Modifier 25 is used to indicate that an E/M service was provided on the same day as another procedure that would normally bundle under the NCCI. The CPT modifier 25 signifies that the E/M service was performed for a reason unrelated to the other procedure and therefore, it is separately payable.
Modifier 25 Codes Frequently Abused
In 2005, CMS did a study and found that 35 percent of Medicare claims for modifier 25 did not meet Medicare program requirements. Ever since, CMS has increased its scrutiny of codes reported with this modifier, sometimes resulting in significant repayment to Medicare. If the misuse is deliberate or reckless, the provider can be liable for triple damages and huge fines.
Sometimes the overbilling comes from ignorance and other times it is deliberate fraud. Depending on the circumstances, whistleblower rewards may be available for those reporting the fraud.
Let’s look at an example.
United States v. FWC Urogynecology LLC (Medicare Fraud)
In 2016, Holly Loebl filed a whistleblower case against Urogynecology Specialists of Florida and others claiming the practice was engaged in fraudulent billing practices.
Holly is a physician’s assistant licensed in Florida. In July 2015 she went to work for Urogynecology. She performed pre-operation visits, post op visits, ordered tests and prescribed medications to patients of the practice.
Within a few months or working at the practice, Holly says she was asked to “upcode” more visits. She refused believing that the visits had been properly billed. Why did they want her to upcode? She was told that the office was “leaving too much money on the table…”
Shortly thereafter, Holly began noticing that “many of her patient files contained claims for procedures that were not ordered or merely on the schedule but not yet ordered or performed.” It was then that the practice’s chief clinical officer allegedly told her to use modifier codes to make non billable post-op visits billable. She refused knowing this to be illegal.
The code often used to make the non-billable post-ops billable? Modifier 25.
Ms. Loebl continued to complain about the illegal billing and was terminated.
Most whistleblowers try to fix things internally before finding a lawyer to file a whistleblower claim. Holly Loebl was no exception. Only when folks are ignored or suffer retaliation do most step forward. In Holly’s case, stepping forward meant filing a whistleblower reward claim under the federal False Claims Act.
In July of this year, the Justice Department intervened in her case and fined FWC Urogynecology LLC $1.7 million for misusing Medicare Billing Codes. Prosecutors agreed that FWC Urogynecology “knowingly billed modifier 25 for services that were not billable or that it did not provide.”
In announcing the settlement, a Health and Human Services special agent said in a prepared statement, “Misrepresenting alleged services to inflate costs is just plain and simple greed. We will continue to thoroughly investigate health care companies that engage in schemes to defraud the American taxpayer.”
For stepping forward and reporting the fraud, Ms. Loebl will receive $306,000.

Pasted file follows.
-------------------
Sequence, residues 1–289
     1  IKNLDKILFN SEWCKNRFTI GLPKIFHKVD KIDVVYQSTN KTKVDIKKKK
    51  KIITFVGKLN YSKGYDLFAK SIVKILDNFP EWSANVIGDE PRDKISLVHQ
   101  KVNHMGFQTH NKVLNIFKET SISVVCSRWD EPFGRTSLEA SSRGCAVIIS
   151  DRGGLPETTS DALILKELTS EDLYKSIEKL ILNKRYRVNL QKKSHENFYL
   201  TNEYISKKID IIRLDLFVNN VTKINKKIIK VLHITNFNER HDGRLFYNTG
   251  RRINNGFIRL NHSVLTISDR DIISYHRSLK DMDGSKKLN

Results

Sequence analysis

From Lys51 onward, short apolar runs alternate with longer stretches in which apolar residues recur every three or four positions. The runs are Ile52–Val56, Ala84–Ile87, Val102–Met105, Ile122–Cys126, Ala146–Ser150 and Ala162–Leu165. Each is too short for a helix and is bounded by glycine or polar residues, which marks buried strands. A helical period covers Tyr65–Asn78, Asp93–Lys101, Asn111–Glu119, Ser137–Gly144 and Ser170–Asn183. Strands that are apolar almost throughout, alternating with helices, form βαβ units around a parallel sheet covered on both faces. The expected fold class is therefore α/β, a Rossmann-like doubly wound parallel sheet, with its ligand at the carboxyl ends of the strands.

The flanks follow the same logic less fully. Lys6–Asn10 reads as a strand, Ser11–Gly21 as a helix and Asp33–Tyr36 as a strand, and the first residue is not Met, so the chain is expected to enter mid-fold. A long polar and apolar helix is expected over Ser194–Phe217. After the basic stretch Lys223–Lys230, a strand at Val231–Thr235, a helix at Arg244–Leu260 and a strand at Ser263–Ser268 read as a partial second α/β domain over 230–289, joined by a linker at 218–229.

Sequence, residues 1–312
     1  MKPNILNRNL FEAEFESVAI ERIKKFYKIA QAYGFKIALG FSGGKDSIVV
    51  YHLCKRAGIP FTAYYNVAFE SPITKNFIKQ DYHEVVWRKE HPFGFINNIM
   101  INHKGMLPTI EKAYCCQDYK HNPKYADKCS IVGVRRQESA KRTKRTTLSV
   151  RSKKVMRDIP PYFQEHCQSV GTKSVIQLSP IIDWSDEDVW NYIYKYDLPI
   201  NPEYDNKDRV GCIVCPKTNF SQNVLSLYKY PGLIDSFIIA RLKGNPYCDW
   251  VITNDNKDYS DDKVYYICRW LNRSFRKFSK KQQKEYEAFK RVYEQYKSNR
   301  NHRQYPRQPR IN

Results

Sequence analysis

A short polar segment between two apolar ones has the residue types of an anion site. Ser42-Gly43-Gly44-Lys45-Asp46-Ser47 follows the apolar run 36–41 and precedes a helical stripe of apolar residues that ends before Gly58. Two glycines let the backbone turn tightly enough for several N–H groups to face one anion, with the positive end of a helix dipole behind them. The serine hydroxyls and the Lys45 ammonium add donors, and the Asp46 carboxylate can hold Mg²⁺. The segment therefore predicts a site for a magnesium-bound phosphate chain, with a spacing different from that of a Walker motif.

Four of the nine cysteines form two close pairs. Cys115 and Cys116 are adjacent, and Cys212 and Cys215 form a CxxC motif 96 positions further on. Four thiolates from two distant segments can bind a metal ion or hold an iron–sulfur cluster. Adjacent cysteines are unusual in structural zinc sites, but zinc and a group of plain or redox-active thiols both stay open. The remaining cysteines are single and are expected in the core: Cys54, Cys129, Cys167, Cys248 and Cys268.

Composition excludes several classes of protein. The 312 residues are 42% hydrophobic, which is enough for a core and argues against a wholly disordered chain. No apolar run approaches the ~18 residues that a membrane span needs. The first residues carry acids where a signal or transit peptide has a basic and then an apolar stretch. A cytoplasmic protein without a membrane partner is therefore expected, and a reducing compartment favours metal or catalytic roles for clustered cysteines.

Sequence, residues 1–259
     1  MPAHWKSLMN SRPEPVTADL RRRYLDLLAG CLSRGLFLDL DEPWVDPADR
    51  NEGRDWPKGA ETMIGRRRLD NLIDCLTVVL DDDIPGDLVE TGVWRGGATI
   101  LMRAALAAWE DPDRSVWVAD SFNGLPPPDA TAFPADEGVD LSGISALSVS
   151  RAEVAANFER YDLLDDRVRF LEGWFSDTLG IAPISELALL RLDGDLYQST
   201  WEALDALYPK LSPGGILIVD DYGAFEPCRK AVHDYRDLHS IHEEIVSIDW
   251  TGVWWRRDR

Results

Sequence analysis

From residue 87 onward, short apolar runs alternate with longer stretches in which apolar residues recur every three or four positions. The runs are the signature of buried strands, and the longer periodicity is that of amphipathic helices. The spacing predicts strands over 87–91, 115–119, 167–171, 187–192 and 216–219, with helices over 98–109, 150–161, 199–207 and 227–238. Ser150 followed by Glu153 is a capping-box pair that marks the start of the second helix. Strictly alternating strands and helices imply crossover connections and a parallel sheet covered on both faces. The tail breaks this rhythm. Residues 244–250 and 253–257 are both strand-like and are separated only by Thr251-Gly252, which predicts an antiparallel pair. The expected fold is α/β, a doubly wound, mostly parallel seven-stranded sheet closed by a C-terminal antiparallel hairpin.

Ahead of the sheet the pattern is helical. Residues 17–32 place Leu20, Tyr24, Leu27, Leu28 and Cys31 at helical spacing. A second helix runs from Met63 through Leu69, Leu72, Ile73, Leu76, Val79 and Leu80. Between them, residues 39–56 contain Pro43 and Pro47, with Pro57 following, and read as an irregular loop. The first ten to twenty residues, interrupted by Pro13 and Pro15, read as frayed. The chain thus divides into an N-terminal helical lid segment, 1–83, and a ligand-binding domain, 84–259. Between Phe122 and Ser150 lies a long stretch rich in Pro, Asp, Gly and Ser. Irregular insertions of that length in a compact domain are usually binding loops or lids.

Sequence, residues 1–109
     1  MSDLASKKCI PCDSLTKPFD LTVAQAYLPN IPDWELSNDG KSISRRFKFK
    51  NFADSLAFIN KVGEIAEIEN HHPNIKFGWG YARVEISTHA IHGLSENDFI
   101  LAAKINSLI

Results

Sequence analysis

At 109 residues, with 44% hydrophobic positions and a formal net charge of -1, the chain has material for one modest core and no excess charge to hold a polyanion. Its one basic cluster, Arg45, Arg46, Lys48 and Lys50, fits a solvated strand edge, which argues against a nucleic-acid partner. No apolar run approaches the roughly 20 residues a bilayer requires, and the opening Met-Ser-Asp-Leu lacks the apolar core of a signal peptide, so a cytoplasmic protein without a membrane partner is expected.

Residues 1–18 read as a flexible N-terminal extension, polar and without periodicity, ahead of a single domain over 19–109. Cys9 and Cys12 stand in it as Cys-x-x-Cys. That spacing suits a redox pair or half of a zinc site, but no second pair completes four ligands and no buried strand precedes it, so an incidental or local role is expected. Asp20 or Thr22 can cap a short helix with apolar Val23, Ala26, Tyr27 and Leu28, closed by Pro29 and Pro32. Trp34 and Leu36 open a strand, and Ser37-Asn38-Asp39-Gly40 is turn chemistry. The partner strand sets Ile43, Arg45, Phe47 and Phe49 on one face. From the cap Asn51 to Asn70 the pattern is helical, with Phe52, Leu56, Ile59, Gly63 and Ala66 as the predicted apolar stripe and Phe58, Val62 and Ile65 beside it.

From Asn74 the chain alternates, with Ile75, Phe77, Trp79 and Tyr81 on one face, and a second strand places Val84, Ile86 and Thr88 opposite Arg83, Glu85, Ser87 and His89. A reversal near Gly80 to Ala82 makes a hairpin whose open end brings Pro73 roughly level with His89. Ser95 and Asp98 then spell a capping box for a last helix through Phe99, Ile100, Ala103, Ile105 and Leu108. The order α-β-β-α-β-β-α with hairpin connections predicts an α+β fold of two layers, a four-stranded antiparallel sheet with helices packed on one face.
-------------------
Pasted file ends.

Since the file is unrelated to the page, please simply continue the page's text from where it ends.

False Claims Act Pays Whistleblowers Who Report Modifier 25 Fraud
As demonstrated in this complaint, the misuse of Modifier 25 by Urogynecology does not appear to be an accident. According to the complaint, the practice’s chief clinical officer was warned that the misuse of billing codes was taking place yet took no action.
Wrongful intent can also be demonstrated by billing for services not even rendered.
Under the False Claims Act, people with inside information about Medicare and Medicaid fraud can receive an award of between 15% and 30% of whatever the government recovers from the wrongdoers. (In this case, Ms. Loebl received 18%.)
To receive a reward, you must file a claim in federal court. Simply calling a tollfree Medicare fraud hotline does not make you eligible for a reward. While the complaint is being investigated by the government, the case remains under seal meaning it is secret. Not even the wrongdoers are made aware of the complaint or the identity of the person who filed it.
The False Claims Act also makes retaliation illegal. If you are fired or demoted because you reported fraud, you are eligible to also receive two times any lost wages and your attorneys’ fees.
Many states (29) also have separate reward programs for state funded Medicaid. In California and Illinois, rewards may be available for reporting healthcare fraud involving private insurance.
Ms. Loebl is a hero. Hundreds of healthcare workers just like her step forward each year to report fraud and greed.
Thankfully, no patients were injured in this case. We have seen cases, however, where a few depraved doctors performed medically unnecessary procedures or prescribed unneeded drugs simply to increase their billings.
If you have evidence of Medicare or Medicaid fraud, contact us for a free, no obligation evaluation of your case. If we believe you have a case, we will file the necessary complaints in federal court and prosecute the case if necessary. You don’t have to pay us for our services unless you win and recover money. All inquiries are protected by the attorney – client privilege and kept confidential.